IB -> Macro HF

Hey All - First time caller, long time listener. I'm in Structured Credit at a BB working on esoterics (won't give more details to avoid self-incriminating as we're one of the few on the street in this particular business, but will say we're on the illiquid and complex side of things) looking to make a passion-driven pivot to a macro fund.

In digging through guides, public forums. etc and speaking with peers, I get the sense there's frankly a dearth of detailed content on macro strategies (which I'd think is driven by the opportunity set skew, as well as the fact that the top-down market segment is just less homogenous). So I'm going to ask some stupid questions:

- What are the different "flavors" of macro? How can you bifurcate at a deeper level than just discretionary vs. systematic (i.e. do some strategies express theses more often in say credit and rates than other asset classes, do some have broader mandates than others, etc.)? Examples would be extremely helpful

- Assuming there are discernable buckets, what would interview processes look like for each / how does one prepare (apart from the cliché "just follow markets / read a ton and have your mental model for the world)?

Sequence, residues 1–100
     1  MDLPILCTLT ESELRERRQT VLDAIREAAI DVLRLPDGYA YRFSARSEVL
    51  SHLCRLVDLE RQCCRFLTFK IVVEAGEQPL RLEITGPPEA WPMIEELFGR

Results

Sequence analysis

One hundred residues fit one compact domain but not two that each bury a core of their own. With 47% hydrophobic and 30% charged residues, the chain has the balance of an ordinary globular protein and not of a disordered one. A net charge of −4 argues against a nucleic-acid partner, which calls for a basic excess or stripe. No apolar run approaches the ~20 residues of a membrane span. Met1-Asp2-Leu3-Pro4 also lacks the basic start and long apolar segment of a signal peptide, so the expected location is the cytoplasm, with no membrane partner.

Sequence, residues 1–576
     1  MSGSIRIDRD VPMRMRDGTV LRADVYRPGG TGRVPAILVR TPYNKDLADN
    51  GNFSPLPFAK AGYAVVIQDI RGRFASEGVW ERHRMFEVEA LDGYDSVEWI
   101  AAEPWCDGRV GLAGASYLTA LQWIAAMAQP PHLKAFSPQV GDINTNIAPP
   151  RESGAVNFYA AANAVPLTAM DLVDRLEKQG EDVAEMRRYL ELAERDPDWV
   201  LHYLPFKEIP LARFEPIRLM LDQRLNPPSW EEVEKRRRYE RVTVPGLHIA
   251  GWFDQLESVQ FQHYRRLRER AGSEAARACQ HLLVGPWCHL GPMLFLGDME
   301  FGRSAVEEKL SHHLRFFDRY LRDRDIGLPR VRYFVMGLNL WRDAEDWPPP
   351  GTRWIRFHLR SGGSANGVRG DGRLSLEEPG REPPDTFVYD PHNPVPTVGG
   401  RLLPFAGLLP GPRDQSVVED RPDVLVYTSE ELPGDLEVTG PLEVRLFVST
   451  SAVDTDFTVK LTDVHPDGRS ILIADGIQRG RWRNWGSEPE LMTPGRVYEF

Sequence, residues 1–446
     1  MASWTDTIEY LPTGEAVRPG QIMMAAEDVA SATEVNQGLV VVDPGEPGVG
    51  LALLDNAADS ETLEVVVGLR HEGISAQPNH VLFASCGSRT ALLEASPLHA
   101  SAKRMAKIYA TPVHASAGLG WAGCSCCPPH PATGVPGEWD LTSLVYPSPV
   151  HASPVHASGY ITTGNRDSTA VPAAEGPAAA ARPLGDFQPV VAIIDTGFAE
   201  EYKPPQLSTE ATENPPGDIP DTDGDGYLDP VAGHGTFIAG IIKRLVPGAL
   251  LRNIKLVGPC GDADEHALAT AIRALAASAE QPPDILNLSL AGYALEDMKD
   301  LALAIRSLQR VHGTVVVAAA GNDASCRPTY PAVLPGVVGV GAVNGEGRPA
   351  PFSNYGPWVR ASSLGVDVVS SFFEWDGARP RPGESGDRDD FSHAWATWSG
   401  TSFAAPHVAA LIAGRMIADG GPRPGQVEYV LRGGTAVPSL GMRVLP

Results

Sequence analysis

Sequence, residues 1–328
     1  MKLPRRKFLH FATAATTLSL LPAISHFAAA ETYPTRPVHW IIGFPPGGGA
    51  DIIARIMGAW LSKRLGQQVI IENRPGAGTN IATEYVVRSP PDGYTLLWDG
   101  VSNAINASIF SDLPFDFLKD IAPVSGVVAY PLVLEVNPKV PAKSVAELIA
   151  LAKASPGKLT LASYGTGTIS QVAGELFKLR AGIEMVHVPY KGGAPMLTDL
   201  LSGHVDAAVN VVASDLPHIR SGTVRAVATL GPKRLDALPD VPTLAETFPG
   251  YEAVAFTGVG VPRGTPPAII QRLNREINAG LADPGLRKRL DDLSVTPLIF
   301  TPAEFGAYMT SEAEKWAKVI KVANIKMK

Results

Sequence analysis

- Which recruiters work on macro mandates?

I realize I'm walking off the reservation a bit here (exits from my team are typically to Spec Sits teams in Private Credit), and that a background in trading / research would've made this pivot much easier, but frankly the idea of being handed x names to follow and limit brainstorming to is just not for me. Definitely a STEM / research-focused person at heart and care dramatically more about macroeconomics / public policy / cross-asset flows than entrepreneurship and business models. I also dislike the fact that private credit (going to paint with a broad brush here, so please correct me / give examples if you disagree) won't make directional bets (constantly hear people regurgitating Marks's "the macro future is unknowable") and that it's just not their business.

TLDR; Solving for a role with as broad a mandate as possible. That said, I have built a niche in modeling / understanding complex situations that's monetizable (and I do enjoy it as well), so am actively looking for an intersection between that and making macro bets. Would greatly appreciate any advice .

Comments (13)

Most Helpful
Aug 7, 2022 - 6:20pm
MacroJunkie, what's your opinion? Comment below:

I'll answer as best as I can but will be limited by my personal experience. 

1. Different flavors of macro

Broadly speaking, I would consider there to be two really broad flavors of macro.

The first is "classic macro," which I would classify as anyone who makes directional bets based on a combination of public policy, asset flows, economic developments, etc. These guys may take a position on the direction of inflation prints and attempt to profit by correctly guessing the future path of inflation as an example. These guys will likely have the broadest mandate and trade a wide variety of products. If you've read some of the content on this forum, it seems like bondarb and macrobruin were probably like this.